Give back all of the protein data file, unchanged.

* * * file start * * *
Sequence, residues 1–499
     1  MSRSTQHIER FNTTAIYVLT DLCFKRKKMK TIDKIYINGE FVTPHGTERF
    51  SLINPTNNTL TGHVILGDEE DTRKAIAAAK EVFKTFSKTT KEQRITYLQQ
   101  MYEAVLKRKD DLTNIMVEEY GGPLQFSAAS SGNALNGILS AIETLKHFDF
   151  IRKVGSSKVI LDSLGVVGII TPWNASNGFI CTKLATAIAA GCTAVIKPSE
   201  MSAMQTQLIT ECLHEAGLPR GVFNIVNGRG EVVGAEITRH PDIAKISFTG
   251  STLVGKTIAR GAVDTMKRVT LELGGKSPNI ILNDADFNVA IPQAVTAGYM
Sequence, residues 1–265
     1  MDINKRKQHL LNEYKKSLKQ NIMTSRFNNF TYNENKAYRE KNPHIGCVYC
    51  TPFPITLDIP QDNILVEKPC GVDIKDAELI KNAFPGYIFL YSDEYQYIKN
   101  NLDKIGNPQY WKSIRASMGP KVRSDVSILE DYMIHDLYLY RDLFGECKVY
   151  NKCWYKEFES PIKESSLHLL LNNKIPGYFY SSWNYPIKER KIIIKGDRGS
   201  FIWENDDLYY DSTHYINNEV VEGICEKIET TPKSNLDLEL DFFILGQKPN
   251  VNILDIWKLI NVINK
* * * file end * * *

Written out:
Sequence, residues 1–499
     1  MSRSTQHIER FNTTAIYVLT DLCFKRKKMK TIDKIYINGE FVTPHGTERF
    51  SLINPTNNTL TGHVILGDEE DTRKAIAAAK EVFKTFSKTT KEQRITYLQQ
   101  MYEAVLKRKD DLTNIMVEEY GGPLQFSAAS SGNALNGILS AIETLKHFDF
   151  IRKVGSSKVI LDSLGVVGII TPWNASNGFI CTKLATAIAA GCTAVIKPSE
   201  MSAMQTQLIT ECLHEAGLPR GVFNIVNGRG EVVGAEITRH PDIAKISFTG
   251  STLVGKTIAR GAVDTMKRVT LELGGKSPNI ILNDADFNVA IPQAVTAGYM
Sequence, residues 1–265
     1  MDINKRKQHL LNEYKKSLKQ NIMTSRFNNF TYNENKAYRE KNPHIGCVYC
    51  TPFPITLDIP QDNILVEKPC GVDIKDAELI KNAFPGYIFL YSDEYQYIKN
   101  NLDKIGNPQY WKSIRASMGP KVRSDVSILE DYMIHDLYLY RDLFGECKVY
   151  NKCWYKEFES PIKESSLHLL LNNKIPGYFY SSWNYPIKER KIIIKGDRGS
   201  FIWENDDLYY DSTHYINNEV VEGICEKIET TPKSNLDLEL DFFILGQKPN
   251  VNILDIWKLI NVINK